The first language I looked at with functions and procedures was Pascal. Since then almost every language that I've looked at is basically the same. The fundamental concepts are the same: variables, functions, data structures, looping, conditional branching.

Then object-oriented programming came onto the scene. I started with C++. All languages since then have been pretty much the same. The only real difference is the syntax and the libraries that go with it.

There was a big difference moving from console programming to windowed programming. When you are doing console programming you are basically in control of the program. You tell the user what to do and when to do it. In windowed programming you respond the user.


I've had a similar experience. While I've only been exposed to variants of O-O languages (primarily Java, playing with Python), my big shock came when I went to GUI in java. I had to go for a more robust form of coding, and omit any assumptions I may have about what the user might input. When learning a language, I've become fond of the 'dive into ' series, as this was the vehicle I used to approch Python. In my humble opinion, the core structure of an O-O language is the same, the only changes are in syntax, function construction, and variable declaration/visibility/static vs dynamic.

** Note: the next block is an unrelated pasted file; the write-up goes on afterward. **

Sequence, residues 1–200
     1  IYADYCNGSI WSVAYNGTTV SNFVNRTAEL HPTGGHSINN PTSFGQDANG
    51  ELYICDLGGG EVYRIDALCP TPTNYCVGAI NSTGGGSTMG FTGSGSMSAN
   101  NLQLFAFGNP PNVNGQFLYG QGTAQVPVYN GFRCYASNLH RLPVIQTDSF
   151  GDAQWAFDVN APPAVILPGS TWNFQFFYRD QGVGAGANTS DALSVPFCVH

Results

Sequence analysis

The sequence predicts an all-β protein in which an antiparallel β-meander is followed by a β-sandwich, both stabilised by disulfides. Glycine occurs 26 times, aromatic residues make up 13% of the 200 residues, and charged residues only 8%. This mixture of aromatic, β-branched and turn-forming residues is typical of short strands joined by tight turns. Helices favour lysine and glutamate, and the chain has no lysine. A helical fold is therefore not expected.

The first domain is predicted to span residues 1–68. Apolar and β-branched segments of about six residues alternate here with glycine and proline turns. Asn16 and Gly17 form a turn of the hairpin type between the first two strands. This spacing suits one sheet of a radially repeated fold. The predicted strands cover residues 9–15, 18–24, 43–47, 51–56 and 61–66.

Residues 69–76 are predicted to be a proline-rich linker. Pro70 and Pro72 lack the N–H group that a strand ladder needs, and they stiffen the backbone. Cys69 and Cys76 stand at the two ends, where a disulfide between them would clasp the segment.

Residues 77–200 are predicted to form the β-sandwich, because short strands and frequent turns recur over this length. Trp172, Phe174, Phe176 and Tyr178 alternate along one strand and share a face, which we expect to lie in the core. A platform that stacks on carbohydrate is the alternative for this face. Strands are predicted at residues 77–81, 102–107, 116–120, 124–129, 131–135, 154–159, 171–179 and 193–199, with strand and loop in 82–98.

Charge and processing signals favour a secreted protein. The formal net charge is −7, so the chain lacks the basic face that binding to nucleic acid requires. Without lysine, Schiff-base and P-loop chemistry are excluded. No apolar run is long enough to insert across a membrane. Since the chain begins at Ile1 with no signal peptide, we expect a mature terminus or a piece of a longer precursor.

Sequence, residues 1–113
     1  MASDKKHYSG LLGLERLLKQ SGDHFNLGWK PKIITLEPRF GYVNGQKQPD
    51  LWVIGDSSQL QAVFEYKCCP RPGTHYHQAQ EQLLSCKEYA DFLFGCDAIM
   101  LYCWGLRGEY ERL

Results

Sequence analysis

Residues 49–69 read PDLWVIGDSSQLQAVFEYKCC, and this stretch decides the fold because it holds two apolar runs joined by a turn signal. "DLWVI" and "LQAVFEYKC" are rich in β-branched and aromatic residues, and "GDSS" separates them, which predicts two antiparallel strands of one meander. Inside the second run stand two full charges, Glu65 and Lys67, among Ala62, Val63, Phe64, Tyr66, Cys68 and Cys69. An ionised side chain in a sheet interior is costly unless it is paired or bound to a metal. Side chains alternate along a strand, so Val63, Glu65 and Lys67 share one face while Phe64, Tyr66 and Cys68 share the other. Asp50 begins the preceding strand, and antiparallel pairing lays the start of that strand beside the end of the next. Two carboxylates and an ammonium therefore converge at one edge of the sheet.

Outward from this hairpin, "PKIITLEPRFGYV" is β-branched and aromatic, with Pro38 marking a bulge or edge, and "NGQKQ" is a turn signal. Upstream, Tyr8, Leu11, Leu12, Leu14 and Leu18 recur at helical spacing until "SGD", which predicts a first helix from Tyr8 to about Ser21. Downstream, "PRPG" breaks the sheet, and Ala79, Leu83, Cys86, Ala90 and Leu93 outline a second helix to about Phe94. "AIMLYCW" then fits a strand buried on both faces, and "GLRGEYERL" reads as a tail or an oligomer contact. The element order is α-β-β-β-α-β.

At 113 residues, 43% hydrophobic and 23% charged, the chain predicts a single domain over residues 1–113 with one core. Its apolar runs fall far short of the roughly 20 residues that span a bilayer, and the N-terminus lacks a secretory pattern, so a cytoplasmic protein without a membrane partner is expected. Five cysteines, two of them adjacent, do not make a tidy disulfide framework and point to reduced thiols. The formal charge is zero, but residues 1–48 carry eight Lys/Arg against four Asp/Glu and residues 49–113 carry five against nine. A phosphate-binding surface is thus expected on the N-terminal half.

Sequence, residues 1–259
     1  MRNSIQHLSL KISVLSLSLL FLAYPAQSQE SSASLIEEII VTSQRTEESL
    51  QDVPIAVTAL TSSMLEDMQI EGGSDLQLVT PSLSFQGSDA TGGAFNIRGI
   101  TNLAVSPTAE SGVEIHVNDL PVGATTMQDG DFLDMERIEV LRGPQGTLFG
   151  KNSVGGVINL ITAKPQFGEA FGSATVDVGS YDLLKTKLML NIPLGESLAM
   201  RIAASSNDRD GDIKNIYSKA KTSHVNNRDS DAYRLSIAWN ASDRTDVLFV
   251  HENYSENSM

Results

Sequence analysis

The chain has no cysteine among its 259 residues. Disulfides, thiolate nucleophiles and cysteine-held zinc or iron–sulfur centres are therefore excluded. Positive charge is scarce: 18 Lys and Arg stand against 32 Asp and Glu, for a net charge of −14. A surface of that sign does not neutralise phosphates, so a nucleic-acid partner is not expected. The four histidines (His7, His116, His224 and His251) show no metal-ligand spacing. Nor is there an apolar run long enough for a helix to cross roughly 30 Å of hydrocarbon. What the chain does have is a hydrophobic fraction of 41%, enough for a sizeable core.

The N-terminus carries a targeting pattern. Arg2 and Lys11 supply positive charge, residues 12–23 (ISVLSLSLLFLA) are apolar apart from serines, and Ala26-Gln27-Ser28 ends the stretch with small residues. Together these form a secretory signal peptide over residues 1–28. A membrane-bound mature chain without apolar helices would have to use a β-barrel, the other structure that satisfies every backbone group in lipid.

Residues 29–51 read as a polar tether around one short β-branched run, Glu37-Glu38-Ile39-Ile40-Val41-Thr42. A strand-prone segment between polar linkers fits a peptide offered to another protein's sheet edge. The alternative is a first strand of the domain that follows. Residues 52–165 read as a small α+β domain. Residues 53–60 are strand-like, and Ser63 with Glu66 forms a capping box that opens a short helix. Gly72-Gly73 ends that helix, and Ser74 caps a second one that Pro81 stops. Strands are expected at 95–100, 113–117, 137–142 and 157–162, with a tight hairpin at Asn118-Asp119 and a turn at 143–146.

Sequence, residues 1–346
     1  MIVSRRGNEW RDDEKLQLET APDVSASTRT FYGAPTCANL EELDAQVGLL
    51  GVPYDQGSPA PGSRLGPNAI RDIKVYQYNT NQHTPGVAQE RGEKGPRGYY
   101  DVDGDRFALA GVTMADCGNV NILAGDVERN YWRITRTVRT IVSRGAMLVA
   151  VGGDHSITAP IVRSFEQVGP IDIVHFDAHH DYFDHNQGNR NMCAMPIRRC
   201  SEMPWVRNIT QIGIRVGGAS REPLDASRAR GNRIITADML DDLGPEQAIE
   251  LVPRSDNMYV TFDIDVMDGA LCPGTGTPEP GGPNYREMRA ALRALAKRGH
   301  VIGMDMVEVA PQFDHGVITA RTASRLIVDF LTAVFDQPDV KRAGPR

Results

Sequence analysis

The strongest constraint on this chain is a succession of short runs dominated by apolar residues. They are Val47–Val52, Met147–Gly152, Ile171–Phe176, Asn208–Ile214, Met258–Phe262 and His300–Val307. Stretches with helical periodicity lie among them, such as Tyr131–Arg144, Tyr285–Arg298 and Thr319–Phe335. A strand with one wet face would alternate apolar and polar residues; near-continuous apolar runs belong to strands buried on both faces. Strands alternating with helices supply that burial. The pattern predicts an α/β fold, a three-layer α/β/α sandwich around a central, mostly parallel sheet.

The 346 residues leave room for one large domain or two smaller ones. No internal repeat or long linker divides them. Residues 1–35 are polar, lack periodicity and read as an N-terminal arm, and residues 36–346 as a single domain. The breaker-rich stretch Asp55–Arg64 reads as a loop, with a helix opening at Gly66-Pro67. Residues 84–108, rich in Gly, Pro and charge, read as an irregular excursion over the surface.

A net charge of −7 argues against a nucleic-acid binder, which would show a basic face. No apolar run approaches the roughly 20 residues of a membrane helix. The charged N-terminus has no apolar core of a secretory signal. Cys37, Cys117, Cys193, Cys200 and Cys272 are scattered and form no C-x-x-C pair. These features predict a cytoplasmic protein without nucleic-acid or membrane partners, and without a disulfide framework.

Cheers
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#6 xclite  Icon User is offline

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Re: [Programming Languages/Technology] Learning Curve

Posted 02 July 2009 - 09:03 AM

View PostSixOfEleven, on 1 Jul, 2009 - 06:07 PM, said:

Programming has changed a lot since I first started but many of the fundamental concepts have remained the same. I started with the BASIC programming language, not the visual version. In BASIC there were no classes, no real procedures or functions. There were line numbers that you had to embed into your code. There are few basic things that all langauges I've looked at since have: variables, looping structures and decision branching and arrays.

The first language I looked at with functions and procedures was Pascal. Since then almost every language that I've looked at is basically the same. The fundamental concepts are the same: variables, functions, data structures, looping, conditional branching.